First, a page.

Annual company reports: to print or not to print?

Annual company reports: to print or not to print?

The annual company reports: to print or not to print?

Each year, company directors are required to provide a report on the status of their company. This serves two purposes:

  1. To share the necessary financial information legally required by the government and to shareholders.
  2. To inform the shareholders about the activities the company has conducted over the past year, along with other useful information about the industry, board members and markets they operate in.

Smaller, private businesses, usually only need to focus on the first requirement due to the limited number of shareholders and their proximity to the company. Larger firms with a more significant shareholder base, whether public or private, need to provide more information. The question is: what’s the best way to present this information, along with the financial data?

Traditionally, companies sent out a printed annual report – and many still do. But with sensitivities surrounding sustainability practices and environmental awareness, are the days of the printed report numbered?

Businesses around the world have mixed views

A consensus emerging is that companies should aim to become ‘print free’, for several reasons, including ecological sensitivities and cost. However, there are also practicalities involved too, that make it difficult for some businesses not to produce physical annual reports.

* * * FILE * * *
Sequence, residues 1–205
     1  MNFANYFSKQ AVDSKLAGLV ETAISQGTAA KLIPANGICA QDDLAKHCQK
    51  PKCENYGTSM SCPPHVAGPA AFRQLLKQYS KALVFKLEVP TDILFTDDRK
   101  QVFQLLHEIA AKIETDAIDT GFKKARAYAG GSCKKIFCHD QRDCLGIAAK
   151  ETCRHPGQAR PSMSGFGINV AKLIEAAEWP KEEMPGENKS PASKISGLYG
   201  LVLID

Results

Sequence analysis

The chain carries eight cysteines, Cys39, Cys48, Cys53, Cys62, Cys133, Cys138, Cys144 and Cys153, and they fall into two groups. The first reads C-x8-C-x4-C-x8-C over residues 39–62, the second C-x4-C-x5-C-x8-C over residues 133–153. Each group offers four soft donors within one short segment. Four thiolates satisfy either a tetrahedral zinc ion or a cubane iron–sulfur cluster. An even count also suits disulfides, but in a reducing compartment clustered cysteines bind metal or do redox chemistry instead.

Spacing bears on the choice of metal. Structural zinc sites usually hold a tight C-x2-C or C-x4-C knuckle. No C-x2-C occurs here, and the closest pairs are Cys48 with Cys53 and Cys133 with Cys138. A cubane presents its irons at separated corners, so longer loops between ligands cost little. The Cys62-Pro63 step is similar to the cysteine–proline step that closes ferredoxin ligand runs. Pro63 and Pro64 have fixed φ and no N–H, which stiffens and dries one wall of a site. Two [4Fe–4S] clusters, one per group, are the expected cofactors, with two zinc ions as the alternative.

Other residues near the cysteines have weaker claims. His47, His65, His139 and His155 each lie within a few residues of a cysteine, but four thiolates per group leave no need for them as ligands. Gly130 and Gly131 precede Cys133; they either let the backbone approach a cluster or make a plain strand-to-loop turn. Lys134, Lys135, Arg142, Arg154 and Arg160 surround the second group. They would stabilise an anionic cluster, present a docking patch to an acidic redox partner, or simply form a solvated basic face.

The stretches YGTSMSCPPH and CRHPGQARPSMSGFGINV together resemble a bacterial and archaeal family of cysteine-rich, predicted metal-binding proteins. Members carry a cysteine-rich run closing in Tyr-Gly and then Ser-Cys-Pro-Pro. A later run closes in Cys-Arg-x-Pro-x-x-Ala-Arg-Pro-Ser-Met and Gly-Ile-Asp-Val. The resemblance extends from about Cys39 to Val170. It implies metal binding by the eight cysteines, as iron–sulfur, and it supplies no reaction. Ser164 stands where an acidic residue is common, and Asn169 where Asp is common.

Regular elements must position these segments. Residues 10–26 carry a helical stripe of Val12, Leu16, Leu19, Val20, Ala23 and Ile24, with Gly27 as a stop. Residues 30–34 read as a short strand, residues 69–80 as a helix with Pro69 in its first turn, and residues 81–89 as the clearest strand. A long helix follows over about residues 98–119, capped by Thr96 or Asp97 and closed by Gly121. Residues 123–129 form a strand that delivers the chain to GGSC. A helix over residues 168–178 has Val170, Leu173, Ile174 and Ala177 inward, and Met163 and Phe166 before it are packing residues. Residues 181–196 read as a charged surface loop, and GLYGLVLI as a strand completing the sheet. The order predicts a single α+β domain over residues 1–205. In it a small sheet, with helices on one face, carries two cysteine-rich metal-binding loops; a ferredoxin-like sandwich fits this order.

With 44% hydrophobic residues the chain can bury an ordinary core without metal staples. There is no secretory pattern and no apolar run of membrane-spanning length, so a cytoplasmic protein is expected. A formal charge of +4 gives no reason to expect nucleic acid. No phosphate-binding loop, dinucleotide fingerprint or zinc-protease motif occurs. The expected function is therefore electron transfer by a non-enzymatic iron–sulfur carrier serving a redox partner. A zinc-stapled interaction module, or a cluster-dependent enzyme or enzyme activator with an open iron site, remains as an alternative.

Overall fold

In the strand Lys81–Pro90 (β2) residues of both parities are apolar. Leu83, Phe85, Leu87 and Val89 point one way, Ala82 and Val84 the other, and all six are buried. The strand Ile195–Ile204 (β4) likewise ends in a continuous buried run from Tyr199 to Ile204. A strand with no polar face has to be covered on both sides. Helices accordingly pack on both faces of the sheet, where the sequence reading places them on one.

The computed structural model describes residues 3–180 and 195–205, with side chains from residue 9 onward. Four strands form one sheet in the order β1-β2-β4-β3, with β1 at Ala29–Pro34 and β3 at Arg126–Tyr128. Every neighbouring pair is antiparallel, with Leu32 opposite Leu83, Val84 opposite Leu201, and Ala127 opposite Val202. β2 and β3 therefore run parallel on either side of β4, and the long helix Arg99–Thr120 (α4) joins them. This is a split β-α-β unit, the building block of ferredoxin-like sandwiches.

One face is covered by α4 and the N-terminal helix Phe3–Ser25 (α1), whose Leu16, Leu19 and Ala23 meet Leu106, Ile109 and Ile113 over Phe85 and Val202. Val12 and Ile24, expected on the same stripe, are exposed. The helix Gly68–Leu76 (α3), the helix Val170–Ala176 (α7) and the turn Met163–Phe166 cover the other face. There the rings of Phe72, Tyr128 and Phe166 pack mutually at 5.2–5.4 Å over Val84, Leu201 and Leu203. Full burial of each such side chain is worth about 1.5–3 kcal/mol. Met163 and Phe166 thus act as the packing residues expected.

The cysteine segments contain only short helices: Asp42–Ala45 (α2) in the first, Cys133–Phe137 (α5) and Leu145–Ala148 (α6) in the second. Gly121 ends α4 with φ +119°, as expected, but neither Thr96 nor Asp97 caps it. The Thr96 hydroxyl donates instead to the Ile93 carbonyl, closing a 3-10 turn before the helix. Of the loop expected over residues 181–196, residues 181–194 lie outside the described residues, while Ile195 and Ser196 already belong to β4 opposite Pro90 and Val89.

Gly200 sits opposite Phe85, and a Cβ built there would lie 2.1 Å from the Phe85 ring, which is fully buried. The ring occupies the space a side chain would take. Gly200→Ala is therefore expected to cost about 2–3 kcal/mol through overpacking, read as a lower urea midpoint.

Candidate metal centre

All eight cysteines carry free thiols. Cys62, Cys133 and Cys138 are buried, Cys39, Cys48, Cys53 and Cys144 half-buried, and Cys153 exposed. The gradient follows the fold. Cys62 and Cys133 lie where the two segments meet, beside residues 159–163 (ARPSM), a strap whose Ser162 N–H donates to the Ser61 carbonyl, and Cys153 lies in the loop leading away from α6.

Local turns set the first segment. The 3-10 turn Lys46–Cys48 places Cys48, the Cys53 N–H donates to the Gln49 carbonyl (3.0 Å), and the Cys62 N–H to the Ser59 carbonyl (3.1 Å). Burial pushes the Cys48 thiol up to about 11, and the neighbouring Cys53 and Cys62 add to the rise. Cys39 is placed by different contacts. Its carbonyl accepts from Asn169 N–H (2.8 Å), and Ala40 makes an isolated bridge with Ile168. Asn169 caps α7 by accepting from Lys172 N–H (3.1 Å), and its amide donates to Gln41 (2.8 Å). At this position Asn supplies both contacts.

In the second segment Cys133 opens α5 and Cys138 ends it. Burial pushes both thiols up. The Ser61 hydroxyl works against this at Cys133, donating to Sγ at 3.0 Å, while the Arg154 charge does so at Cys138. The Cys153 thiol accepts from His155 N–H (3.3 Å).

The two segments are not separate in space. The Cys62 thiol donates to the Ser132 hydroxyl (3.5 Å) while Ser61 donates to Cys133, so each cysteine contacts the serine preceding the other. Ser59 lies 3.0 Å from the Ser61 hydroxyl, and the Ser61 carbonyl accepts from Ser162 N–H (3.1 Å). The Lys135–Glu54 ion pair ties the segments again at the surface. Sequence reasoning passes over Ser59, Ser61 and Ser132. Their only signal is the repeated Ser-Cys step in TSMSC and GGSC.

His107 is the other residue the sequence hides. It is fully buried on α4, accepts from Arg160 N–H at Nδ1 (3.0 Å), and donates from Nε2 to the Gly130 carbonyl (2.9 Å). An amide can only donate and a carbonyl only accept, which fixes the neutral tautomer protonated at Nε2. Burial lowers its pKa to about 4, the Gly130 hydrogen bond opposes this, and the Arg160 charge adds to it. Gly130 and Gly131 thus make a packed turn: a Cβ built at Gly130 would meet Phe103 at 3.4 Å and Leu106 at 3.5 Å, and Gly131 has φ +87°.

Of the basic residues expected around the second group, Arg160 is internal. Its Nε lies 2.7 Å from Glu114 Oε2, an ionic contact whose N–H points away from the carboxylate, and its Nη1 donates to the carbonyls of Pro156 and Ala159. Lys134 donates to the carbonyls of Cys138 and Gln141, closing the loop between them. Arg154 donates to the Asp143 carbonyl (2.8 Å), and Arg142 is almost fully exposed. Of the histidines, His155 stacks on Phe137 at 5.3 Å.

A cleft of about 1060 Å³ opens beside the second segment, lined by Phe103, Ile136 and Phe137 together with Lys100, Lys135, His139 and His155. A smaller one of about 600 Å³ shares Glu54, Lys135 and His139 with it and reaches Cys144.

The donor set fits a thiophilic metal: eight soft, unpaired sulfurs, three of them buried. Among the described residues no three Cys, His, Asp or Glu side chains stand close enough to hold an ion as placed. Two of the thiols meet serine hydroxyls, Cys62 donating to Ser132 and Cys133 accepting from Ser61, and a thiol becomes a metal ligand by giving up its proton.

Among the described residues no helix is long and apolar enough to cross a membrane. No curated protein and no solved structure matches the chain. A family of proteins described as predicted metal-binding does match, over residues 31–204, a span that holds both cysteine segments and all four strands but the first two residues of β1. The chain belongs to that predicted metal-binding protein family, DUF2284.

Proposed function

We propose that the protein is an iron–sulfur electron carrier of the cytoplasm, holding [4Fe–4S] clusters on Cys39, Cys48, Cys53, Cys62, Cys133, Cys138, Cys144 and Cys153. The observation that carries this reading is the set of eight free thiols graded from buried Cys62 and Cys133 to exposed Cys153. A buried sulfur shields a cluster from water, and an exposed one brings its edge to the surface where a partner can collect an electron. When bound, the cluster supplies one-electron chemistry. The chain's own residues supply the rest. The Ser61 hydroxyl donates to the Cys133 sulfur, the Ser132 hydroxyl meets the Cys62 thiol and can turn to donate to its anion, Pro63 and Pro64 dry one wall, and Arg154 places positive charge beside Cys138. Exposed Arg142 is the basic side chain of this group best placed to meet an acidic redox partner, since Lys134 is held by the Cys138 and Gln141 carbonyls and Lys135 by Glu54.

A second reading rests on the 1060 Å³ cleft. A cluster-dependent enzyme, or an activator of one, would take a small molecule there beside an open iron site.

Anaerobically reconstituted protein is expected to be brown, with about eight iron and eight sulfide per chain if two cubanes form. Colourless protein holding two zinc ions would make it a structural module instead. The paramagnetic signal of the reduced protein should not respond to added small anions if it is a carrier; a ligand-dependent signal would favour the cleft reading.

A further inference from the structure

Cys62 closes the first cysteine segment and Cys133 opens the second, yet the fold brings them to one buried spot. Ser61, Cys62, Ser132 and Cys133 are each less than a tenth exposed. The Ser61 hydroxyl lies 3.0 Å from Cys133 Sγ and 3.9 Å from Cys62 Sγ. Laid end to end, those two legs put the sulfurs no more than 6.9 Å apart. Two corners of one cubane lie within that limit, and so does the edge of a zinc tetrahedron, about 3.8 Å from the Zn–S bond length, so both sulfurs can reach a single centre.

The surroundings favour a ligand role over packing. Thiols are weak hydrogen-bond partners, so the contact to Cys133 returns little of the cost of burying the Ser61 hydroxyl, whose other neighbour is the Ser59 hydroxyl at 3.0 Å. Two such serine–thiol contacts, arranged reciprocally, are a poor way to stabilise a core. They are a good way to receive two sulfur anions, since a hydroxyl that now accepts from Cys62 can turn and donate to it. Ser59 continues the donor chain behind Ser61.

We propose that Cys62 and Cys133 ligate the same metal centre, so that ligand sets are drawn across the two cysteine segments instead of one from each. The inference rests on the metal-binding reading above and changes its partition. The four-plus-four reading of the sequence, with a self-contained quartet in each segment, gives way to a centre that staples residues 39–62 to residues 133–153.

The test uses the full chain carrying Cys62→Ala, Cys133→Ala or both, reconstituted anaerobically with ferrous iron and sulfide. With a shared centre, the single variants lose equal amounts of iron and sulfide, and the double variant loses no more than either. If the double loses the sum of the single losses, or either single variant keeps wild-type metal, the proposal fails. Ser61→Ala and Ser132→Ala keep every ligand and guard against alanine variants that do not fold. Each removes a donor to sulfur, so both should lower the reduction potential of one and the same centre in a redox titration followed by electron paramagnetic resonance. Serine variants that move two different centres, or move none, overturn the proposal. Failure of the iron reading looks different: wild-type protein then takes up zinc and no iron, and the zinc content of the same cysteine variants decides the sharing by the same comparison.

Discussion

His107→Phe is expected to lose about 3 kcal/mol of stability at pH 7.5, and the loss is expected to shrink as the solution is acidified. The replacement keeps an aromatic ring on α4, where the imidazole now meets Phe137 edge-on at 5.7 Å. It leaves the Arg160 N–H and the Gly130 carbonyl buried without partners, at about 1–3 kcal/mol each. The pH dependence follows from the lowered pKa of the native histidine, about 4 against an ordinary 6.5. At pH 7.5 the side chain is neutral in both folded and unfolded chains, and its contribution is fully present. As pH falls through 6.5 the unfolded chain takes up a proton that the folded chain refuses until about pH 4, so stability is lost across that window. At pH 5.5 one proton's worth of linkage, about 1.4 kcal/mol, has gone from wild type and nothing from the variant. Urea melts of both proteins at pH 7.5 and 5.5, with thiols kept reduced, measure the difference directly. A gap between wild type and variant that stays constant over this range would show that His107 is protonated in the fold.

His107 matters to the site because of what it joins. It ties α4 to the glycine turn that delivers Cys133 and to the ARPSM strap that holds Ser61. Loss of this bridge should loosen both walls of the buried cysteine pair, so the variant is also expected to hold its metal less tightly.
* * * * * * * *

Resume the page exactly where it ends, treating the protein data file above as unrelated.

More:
The basis for any decision to print or not to print really comes down to the people the report is intended for, and their circumstances.

Mature companies with a long track record will likely have acquired a wide range of shareholders. Some, more elderly shareholders, may not be able to read a report online, due to limited internet access or experience. Equally, there are those, perhaps younger shareholders, that wouldn’t dream of receiving a printed report.

Furthermore, companies with a more geographically dispersed shareholder base may find that some shareholders experience internet availability and access issues.

Printed reports still have their place

At The Creative Tree, we believe that like most things in life, the issue of printing or not printing comes down to one of balance. Not everyone’s needs are the same, and it’s the individual shareholder’s experience that counts.

Some shareholders just wanted printed versions, no matter what. Such shareholders see it as part value, part trust; the last vestiges of a bygone corporate era they still hold dear. Some don’t trust the internet and given the ever-growing threat of online scams, who can blame them; especially older shareholders who may not recognise such scams. Others suffer from access issues, making the downloading of significant media-heavy reports impractical and unattractive.